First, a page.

Effects of divalent cations and metabolic poisons on the circadian rhythm from the Aplysia eye

Arnold Eskin, George Corrent

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38 Scopus citations


1. The isolated eye of Aplysia has a circadian rhythm of compound optic nerve potentials. An attempt to inhibit entrainment of this rhythm by blocking synaptic transmission led to the discovery that one such inhibitor, manganese, produced phase shifts in the rhythm. Treatments of manganese (10 mM) of 6 h duration at different phases of the rhythm resulted in a phase response curve composed of only delay phase shifts (Fig. 1). 2. Many biological effects of Mn++ involve Ca++ dependent processes and this appears to be the case here since the phase shifting effect of Mn++ was antagonized by increasing external Ca++ concentrations (Fig. 3). 3. Mn++ does not appear to be producing phase shifts by disrupting the flux of Ca++ across the plasma membrane since changing such fluxes by either raising extracellular Ca++ (50 mM) or lowering extracellular Ca++ with EGTA (Ca++ <10-7 M) did not cause phase shifts in the rhythm. 4. A Ca++/Mg++ ionophore, A23187, was used to affect the fluxes of these ions across intracellular membranes. Treatments of A23187 (7.5×10-6 M) produced delay phase shifts in the rhythm whether or not a Ca++ or Mg++ concentration gradient existed across the plasma membrane (Figs. 4, 5). In addition, an all-delay response curve resulted when eyes were treated at different phases with A23187 plus EGTA (Fig. 6). 5. Our results, and the known effects of A23187, led to the hypothesis that phase shifting by A23187 resulted either from the transport of Ca++ and Mg++ out of mitochondria or from oxidative phosphorylation becoming uncoupled as a result of the reuptake of these ions. 6. DNP (0.2 mM) and NaCN (2 mM) which both inhibit oxidative phosphorylation and cause release of Ca++ and Mg++ from mitochondria, also produced phase response curves with only delays (Fig. 9). 7. Mn++, A23187, DNP, and NaCN have a common effect on oxidative phosphorylation and on the ability of mitochondria to regulate Ca++ and Mg++. The correlation between the similar phase response curves of these treatments (Fig. 10) and their common effects on mitochondria suggests that they are all affecting the rhythm by blocking energy production and/or causing the release of mitochondrial Ca++ and Mg++. The manner in which changes in energy production or in the concentrations of Ca++/Mg++ might affect the rhythm is discussed.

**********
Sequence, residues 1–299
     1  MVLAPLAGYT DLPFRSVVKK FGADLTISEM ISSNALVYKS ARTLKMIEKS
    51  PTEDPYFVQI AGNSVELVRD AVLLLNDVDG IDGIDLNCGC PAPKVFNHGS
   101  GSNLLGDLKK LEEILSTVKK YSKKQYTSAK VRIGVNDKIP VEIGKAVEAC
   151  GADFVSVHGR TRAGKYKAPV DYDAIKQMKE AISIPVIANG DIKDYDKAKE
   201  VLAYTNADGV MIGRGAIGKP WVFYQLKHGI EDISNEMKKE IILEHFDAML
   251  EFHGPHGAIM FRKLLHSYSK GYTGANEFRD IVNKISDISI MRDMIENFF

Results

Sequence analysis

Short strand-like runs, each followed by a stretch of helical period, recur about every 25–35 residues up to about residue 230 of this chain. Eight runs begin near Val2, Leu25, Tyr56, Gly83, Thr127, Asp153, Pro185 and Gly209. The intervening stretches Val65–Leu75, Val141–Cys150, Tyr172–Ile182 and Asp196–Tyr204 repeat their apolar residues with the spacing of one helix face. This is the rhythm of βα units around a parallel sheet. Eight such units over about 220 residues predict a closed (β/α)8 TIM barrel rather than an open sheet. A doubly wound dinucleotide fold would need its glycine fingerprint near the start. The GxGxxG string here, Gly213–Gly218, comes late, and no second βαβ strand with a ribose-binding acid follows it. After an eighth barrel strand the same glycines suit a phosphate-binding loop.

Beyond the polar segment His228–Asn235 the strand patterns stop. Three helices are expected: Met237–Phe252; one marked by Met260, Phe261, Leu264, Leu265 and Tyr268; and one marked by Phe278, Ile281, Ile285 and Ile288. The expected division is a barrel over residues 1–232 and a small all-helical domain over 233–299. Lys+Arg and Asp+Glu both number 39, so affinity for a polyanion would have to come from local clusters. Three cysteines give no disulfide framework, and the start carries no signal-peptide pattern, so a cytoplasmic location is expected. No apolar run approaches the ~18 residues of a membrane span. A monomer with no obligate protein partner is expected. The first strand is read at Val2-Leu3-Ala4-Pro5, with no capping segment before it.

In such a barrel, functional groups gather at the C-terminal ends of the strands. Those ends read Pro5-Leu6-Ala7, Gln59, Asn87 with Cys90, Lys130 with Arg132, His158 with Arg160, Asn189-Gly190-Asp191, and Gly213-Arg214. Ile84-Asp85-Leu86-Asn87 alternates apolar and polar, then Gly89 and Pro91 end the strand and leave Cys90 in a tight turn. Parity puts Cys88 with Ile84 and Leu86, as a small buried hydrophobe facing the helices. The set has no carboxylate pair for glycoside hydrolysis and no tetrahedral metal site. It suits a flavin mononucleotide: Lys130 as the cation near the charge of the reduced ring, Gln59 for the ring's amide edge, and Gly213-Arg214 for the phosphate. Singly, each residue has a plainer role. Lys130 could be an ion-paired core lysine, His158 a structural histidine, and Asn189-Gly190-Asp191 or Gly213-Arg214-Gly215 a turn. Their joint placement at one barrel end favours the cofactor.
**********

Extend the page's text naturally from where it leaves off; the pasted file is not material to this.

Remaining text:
Original languageEnglish (US)
Pages (from-to)1-21
Number of pages21
JournalJournal of Comparative Physiology □ A
Issue number1
StatePublished - Jan 1 1977

ASJC Scopus subject areas

  • Ecology, Evolution, Behavior and Systematics
  • Physiology
  • Animal Science and Zoology
  • Behavioral Neuroscience


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